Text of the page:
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The Royal Mail has said said stamp and parcel prices will need to go up again as soaring inflation means it has to charge more.

Just last month the price of first-class stamps rose by 10p to 95p, while second-class stamp prices went up 2p, to 68p.

But today the Royal Mail warned that it faced “significant headwinds” from higher wage demands, surging energy and fuel costs.

It is cutting costs by more than £350 million to help offset the hit, but said it would also have to look at price increases.

It came as the group reported an 8% rise in underlying operating profits to £758million for the year to the end of March.

The group said it was at a “crossroads” in its overhaul as parcel delivery becomes ever more important.

But this is a problem for the Royal Mail as it has to maintain its ‘universal service’.

This is the promise that it costs consumers the same price to send a letter to any address in the UK, six days a week.

The Royal Mail is also grappling with the fact Brits send fewer letters than they used to – meaning it makes less money.

Simon Thompson, chief executive of Royal Mail, said: “As we emerge from the pandemic, the need to accelerate the transformation of our business, particularly in delivery, has become more urgent.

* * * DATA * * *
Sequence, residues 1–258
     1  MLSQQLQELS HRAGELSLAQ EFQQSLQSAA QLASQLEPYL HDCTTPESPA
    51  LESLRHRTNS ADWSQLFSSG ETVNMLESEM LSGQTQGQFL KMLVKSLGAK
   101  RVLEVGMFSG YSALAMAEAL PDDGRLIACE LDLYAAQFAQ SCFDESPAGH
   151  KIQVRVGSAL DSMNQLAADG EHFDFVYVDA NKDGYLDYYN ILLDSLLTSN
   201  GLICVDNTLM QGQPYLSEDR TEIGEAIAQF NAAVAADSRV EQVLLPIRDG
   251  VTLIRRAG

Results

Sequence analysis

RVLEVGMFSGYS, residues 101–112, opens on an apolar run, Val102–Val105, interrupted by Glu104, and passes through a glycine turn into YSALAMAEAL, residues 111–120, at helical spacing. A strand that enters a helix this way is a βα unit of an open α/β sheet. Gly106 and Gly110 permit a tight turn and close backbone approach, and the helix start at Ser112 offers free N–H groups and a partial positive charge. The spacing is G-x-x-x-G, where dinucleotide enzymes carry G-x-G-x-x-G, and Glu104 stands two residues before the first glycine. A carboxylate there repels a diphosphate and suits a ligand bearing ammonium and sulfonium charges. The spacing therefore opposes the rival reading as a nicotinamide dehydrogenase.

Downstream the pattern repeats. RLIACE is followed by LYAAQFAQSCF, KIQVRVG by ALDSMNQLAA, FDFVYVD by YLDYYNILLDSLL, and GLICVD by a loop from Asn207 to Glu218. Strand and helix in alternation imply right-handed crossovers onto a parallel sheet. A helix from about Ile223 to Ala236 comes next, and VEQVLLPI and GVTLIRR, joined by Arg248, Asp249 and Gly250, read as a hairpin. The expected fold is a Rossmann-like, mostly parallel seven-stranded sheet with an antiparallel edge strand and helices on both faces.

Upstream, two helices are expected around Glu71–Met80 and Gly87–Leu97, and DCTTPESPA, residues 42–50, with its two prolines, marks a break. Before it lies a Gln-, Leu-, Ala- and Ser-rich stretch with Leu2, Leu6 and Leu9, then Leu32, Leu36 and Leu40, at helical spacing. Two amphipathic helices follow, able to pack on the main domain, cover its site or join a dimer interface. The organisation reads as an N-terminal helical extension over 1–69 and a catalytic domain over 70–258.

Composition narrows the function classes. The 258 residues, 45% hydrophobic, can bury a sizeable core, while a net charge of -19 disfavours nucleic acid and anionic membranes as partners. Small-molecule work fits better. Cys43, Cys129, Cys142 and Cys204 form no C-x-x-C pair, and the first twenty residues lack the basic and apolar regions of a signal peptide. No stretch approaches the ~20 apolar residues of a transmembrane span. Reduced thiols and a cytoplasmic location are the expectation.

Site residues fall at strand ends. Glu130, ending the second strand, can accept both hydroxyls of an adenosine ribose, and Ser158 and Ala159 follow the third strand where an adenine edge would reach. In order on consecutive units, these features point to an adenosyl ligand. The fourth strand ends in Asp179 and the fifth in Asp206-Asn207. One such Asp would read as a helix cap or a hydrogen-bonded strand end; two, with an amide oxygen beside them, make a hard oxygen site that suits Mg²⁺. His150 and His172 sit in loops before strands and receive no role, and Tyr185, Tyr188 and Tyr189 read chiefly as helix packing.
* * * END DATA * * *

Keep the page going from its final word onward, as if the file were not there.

“Our future is as a parcels business, so we need to adapt old ways of working designed for letters and do it much more quickly to a world increasingly dominated by parcels.

“The last two years has shown us all how quickly customer needs can change.

“We have no time to waste.”

Last week Royal Mail acknowledged that its performance “needs to improve” after admitting that a fifth of items sent first-class are no longer arriving the next day .

The delivery giant aims to deliver the majority of first class letters the following day including Saturdays – and traditionally has met this target.

However, it’s now said one in five 95p-a-stamp letters are not landing through letterboxes within 24-hours due to Covid.

Royal Mail said its service standards had been “materially impacted” by the pandemic and workers self-isolating over the past year.

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